Simmering frustration among Latino voters has prompted a tea party-style endeavor that’s intended to boost the political influence of America’s fastest-growing minority group.
“We want to motivate Latinos to vote,” says Belinda “DeeDee” Blase, spokeswoman for the fledgling National Tequila Party Movement, which has adopted a nonpartisan stance. “[Democrats and Republicans] don’t take us seriously because we don’t vote consistently.”
Through rallies and concerts in at least 20 states, the group wants to mobilize Latinos to vote in record-breaking numbers in the 2012 election. The idea is to issue a wake-up call to both parties–Democrats for taking the Latino vote for granted and Republicans for pushing policies that adversely affect the Hispanic community.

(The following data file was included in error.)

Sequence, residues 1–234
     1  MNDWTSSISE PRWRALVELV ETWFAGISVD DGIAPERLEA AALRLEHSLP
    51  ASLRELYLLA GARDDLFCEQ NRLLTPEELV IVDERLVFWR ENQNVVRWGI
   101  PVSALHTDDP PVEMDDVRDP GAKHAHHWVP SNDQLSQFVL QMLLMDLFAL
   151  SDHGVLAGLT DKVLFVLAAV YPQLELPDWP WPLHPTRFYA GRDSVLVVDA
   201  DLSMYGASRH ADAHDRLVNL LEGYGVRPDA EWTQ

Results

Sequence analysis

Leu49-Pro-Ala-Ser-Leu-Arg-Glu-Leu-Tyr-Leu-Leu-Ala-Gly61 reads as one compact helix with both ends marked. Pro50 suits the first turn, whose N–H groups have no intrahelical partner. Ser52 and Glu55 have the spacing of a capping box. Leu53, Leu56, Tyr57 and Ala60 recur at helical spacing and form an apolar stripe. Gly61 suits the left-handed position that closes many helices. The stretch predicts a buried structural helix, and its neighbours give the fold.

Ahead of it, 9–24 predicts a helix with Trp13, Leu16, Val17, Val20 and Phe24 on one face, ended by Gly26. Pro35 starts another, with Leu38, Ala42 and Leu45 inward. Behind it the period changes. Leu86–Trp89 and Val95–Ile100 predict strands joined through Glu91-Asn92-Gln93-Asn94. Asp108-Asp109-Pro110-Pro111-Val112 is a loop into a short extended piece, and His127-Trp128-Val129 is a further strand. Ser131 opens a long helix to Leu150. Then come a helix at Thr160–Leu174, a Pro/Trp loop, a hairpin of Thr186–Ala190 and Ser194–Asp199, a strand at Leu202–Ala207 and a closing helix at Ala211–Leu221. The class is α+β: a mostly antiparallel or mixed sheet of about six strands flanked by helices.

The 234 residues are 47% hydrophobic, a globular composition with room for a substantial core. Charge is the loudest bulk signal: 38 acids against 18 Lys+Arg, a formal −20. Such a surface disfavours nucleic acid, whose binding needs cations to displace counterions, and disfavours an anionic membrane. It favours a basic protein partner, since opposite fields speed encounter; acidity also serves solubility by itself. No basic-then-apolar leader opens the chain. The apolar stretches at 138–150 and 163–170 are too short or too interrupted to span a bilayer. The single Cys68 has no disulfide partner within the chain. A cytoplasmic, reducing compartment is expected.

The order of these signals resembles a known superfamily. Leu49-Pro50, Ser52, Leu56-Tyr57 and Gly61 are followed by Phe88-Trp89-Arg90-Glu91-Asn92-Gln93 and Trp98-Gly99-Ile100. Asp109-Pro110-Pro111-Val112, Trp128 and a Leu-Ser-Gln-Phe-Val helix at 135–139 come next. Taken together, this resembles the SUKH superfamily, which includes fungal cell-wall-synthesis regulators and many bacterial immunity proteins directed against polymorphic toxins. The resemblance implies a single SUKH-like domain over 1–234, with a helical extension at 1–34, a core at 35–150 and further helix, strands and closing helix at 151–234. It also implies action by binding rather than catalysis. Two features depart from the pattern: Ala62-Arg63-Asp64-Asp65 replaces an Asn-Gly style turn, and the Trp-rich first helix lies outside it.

The number of Latinos eligible to vote went from 13 million in 2000 to 21 million in 2010. But just 31 percent of Latinos cast a ballot in the recent midterm elections, compared with nearly 49 percent of whites and 44 percent of blacks, according to a Pew Hispanic Center survey.
The tequila party wants to change that equation and make Latinos an attention-getting voting bloc, says Ms. Blase, who is also president of Somos Republicans, a national advocacy group based in Scottsdale, Ariz.
To expand the tequila party effort in various states, Blase plans to tap into the existing structure of Somos Republicans. And some Somos Republicans representatives have already formed alliances with Democrats and Hispanic political activists that could help advance the tequila party’s goals, she adds.
The effort comes amid diminished enthusiasm for President Obama among Latinos even as he renews his courtship of this group, which political analysts say is crucial to his reelection. Polls show that Latinos, who vote mostly Democratic, have grown weary of the president’s lack of progress in securing immigration reforms. The record number of deportations under the Obama administration is another sore point.